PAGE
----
Home > Everything Leads to You(16)

Everything Leads to You(16)
Author: Nina LaCour

“I’ve always wondered what it would be like to be on the top bunk,” I say, even though the idea has never occurred to me.

“And?”

“It’s great,” I say. “So cozy. You haven’t been up here?”

“Not since I finished building it.”

“Why don’t you join me?”

She smiles and shakes her head.

“Hey, what are you doing later?” I ask, trying to ignore Charlotte’s inevitable disapproval. I already had to explain myself about Saturday morning’s encounter.

“I have plans,” Morgan says.

“What kind of plans?”

“Mmm,” she says. “I don’t know if you want to hear about them.”

“Oh,” I say, and the glorious world of little boy’s bunk beds and hands smoothing stars and beautiful arms and short skirts disintegrates. I skip the ladder and hop down instead.

“Well, have fun.”

“Em,” she says. “I’m sorry if this is hard.”

“Yeah, okay.”

“No, really.” She sets down her sponge and leans against the bed, looking at me. “I really like you; I just can’t be tied down right now.”

“That’s such a cliché thing to say,” I tell her. “If I saw that in a script I would laugh.”

She shrugs. “It’s how I feel right now. When you’re ready to hang out as friends I would love that.”

My phone buzzes and I check the screen. It’s Charlotte texting, I thought your sofa was green?

“Charlotte’s here,” I say. “I have to go.”

“Okay,” Morgan says. “Thanks for coming by. And my friend Rebecca might want to talk to you. I gave her your number. It’s about good things.”

“Sure,” I mutter, and head to the music room.

I see Charlotte as soon as I round the corner.

“Of course it’s green,” I say. “I’d call it, like, a cross between forest green and kelly green. What would you call it?”

“Um,” she says, “light gray?” And then she turns to look into the room and I turn with her.

My sofa is gone.

I spin away from her and out of the building until I’m in the bright sunshine of the lot with Charlotte behind me saying, “Emi, let’s just talk about this for a second. Let’s just take a moment to calm down.”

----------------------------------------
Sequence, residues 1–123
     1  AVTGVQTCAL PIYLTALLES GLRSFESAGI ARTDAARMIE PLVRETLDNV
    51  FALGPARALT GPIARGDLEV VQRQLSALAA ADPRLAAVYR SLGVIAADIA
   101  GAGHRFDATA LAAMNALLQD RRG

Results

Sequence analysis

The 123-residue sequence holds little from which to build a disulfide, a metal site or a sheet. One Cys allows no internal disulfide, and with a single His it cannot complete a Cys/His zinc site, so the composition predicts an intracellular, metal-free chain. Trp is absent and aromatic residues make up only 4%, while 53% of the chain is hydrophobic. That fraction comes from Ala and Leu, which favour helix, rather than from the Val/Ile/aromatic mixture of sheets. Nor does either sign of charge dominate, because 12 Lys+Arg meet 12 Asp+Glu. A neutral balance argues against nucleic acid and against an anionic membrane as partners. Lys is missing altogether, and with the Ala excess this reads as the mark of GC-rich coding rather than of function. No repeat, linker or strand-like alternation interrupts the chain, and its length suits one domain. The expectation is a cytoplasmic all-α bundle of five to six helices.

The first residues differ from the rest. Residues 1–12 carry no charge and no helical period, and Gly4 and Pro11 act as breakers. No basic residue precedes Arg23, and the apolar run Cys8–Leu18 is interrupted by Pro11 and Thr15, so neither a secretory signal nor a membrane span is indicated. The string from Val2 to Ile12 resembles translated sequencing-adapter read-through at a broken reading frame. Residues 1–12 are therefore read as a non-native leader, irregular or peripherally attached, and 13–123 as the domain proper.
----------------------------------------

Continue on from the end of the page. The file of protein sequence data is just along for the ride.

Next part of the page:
But all I can say is “Clyde f**king Jones,” because it’s his sofa in the place of my perfect one.

I storm through groups of smiling people and stern people and people talking on cell phones and carrying Starbucks cups and into Ginger’s building and past her secretary and into her office. She’s on the phone and holds up a finger for me to wait. So I stand there, in her perfectly decorated room, adorned with posters from all the famous movies she’s worked on, until she hangs up and says, “This must be about the music room.”

“What happened to my sofa? Did you see it? Wasn’t it perfect?”

She says, “It was a nice sofa. But we got so many amazing things that day, together, remember? You and me and Charlotte.”

“Of course I remember that day,” I say. “What does it have to do with my music room?”

She sighs as if she’s just so busy and I am so unreasonable.

“Emi, first, it isn’t your music room. You’ve done a really lovely job, but you are an intern and I am the production designer.”

“Yes,” I say. “I’m aware of our respective positions.”

“Okay,” Charlotte says, sweeping into the office, having apparently been hovering right outside the door. “I think it would be a good idea for Emi and me to take the afternoon off if that would be all right with you, Ginger. She’s been working really hard and didn’t get much sleep last night and, you know, things with Morgan are still a little rocky, so—”

“Fine,” Ginger says. “Go. Emi, tomorrow you’ll see that the couch complements your efforts beautifully.” But she says it coldly, with more edge than I’ve ever heard in her voice, and I start to worry about everything, because she’ll be my boss on The Agency, too, and I know that I’m just an intern. I’m easily replaceable. Maybe there are hundreds of geniuses of teenage decor. Maybe my niche isn’t even that special.

I follow Charlotte out of the office and the building and toward her car. She opens the passenger side for me and I tumble in.

“I just have to wrap up a couple things,” she says. “And then I’ll come back. Don’t go anywhere, okay?”

“Okay.”

“I can’t believe you talked to her that way.”

“I know. Me neither.”

She nods, satisfied, and shuts my door.

I get out my phone and try Toby.

A moment later, his voice rises above many other voices and music in the background.

“Hey, little sister.”

“Hey. Where are you?”

His face appears on my screen but the image is dark and grainy and I can barely see the curves of his face.

“Café,” he says. “London.”

“London. That’s far away.”

“Yeah,” he says. He leans closer to the camera; his face gets bigger and I can see him better. “They talk funny here.” He grins, leans back.

“Come back,” I say. “Come closer.”

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